There’s a reason why The Mousetrap is the longest continuously-running play in history: it’s simply very, very good. Without going into detail – and revealing any details of the plot would be extremely jolly bad form – The Mousetrap a joyful romp that combines intelligent comedy and gripping drama together with a lightness of touch that only Dame Agatha Christie can muster. Arriving at Norwich Theatre Royal this week, the 2019 UK Tour of the production – which is still running in the West End, and has been since 1952 – simply never stops being entertaining.
Despite the play being continually produced for 67 years, there is clear evidence that, in order to keep the show fresh and interesting for performers and audience alike, the tour’s director, Gareth Armstrong, has been given permission to put their own stamp on the proceedings, albeit without drastically changing characters or their dialogue. Armstrong’s choice to emphasise the comedy of the piece works incredibly well; as such, with its tongue firmly its cheek – although not so much as to descend into self-parody – The Mousetrap is a hoot from start to finish.
The cast of the 2019 UK tour are uniformly superb, bringing a fun energy to all the roles. Arguably the highlight of the show is theatre debutant Lewis Chandler as the peculiar Christopher Wren, who manages to milk every line for camp comedy value, never failing to hit the mark – definitely one to watch in future! David Alcock follows closely behind his lead, with his over-the-top Dracula-esque faux-menace interpretation of Mr Paravicini, stopping only just short of wearing a green cape and vampire fangs, counting the props and then laughing.
They are joined by Saskia Vaigncourt-Strallen, who doesn’t quite make her character – the ultra-modern gender-bending Miss Casewell – quite as eccentric as Chandler and Alcock, despite having the potential opportunity to do so; but then again, neither do John Griffiths or Gwyneth Strong – yes, Cassandra from Only Fools And Horses, by far the most famous name on stage, who makes her final performance of the run at Norwich this week – make too much of the self-important Major Metcalf or uptight Mrs Boyle. This is not a criticism; the balance between larger-than-life characters with the less outrageous performances gives the production a variety, and saves it from tipping into the utterly ludicrous.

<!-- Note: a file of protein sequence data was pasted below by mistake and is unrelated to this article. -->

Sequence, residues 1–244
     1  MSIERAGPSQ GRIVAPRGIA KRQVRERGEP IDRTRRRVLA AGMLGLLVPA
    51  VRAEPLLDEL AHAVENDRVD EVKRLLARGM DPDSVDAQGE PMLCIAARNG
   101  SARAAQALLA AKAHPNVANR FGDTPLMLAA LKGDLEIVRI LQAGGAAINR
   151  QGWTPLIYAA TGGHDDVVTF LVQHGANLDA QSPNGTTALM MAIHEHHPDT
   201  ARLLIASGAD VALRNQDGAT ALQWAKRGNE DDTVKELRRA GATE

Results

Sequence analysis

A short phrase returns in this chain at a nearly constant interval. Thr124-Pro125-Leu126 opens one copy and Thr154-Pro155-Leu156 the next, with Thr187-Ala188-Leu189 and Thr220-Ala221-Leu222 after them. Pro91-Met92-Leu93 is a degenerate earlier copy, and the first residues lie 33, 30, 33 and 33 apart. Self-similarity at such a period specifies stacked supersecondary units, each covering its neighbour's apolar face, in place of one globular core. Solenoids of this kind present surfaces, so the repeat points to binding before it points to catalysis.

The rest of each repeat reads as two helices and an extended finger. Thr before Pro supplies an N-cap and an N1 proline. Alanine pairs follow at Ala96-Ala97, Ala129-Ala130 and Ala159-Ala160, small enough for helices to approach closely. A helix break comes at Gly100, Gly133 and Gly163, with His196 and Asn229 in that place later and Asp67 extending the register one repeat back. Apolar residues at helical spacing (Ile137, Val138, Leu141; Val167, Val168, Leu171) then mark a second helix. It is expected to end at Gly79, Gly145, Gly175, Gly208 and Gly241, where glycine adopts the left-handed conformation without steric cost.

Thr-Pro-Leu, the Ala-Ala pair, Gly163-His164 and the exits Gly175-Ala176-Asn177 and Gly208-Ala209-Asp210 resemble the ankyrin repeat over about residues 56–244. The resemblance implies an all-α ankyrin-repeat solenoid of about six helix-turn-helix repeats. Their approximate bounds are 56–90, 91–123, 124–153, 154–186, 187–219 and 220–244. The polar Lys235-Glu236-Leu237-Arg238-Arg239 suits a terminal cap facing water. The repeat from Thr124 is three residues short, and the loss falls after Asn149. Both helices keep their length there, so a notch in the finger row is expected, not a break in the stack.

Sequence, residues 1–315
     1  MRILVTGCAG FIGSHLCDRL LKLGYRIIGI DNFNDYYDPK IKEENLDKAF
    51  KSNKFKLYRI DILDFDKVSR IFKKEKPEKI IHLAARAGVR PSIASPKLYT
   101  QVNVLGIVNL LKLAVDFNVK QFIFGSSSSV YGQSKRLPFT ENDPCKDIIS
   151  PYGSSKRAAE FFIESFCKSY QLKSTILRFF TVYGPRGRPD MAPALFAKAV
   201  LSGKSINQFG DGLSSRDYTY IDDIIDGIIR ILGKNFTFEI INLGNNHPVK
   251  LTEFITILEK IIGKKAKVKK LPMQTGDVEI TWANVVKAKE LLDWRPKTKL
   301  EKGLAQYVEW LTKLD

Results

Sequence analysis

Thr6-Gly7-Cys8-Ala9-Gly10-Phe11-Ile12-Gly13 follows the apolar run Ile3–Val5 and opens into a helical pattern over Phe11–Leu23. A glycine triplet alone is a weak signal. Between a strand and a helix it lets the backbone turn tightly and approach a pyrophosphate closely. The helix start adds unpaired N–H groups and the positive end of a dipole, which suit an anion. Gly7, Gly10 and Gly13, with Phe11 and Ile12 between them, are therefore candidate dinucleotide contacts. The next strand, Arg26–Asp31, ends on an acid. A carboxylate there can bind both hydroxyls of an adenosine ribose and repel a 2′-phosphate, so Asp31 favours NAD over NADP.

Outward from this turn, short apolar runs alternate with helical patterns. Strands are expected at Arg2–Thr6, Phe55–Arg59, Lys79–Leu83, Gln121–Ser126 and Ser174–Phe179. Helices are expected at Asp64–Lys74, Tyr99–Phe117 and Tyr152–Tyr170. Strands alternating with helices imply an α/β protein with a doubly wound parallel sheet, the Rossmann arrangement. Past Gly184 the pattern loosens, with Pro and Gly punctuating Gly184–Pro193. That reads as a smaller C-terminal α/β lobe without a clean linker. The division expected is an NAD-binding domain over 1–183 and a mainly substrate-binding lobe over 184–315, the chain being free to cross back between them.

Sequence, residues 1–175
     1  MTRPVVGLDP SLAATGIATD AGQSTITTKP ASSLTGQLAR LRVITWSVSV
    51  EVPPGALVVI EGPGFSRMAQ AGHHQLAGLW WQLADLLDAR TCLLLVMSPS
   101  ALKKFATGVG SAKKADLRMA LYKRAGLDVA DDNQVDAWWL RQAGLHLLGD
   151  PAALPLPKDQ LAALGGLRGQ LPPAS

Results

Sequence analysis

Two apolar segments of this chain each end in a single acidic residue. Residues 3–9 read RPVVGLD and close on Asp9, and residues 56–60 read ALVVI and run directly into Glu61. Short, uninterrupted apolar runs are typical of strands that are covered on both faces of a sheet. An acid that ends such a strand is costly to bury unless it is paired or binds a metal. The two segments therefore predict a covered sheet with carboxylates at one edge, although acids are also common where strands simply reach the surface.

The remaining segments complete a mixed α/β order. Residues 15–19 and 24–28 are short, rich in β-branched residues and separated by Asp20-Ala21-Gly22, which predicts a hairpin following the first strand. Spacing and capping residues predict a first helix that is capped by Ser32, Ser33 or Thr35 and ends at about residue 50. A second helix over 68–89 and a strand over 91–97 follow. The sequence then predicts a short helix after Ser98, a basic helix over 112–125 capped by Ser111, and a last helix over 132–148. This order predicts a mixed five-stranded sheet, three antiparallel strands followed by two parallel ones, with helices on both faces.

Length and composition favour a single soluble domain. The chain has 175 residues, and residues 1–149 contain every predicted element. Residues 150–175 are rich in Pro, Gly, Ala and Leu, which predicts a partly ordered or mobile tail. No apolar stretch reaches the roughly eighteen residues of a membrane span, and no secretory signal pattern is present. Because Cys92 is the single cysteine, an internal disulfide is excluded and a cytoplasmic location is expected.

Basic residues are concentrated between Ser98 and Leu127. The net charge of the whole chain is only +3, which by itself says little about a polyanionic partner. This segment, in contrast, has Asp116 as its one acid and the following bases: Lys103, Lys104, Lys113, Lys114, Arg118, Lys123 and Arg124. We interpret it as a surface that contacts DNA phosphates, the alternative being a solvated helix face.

The entire production is held together by Geoff Arnold‘s central and confident portrayal of Sgt Trotter, whose investigation of a murder case has led him to the front door of a typical upper-middle class 1950s married couple running a guesthouse. Nick Biadon and Harriet Hare make for a delightful Giles and Mollie Ralston, adding some everyday down-to-earth normality – albeit with dynamic, sparkling banter – to the proceedings. Indeed, the sparkle isn’t limited to the performances either: the set is simply a thing of beauty. The production also displays very effective lighting and special effects to enhance the gradually increasing claustrophobia as the plot thickens…
In short, The Mousetrap combines excellent, fun performances with a sparkling script and very high production values, making for a thoroughly enjoyable evening’s entertainment. In a word, unmissable.
The 2019 UK tour of The Mousetrap will performed at Norwich Theatre Royal until Saturday, and will visit various venues across the UK until November 16th.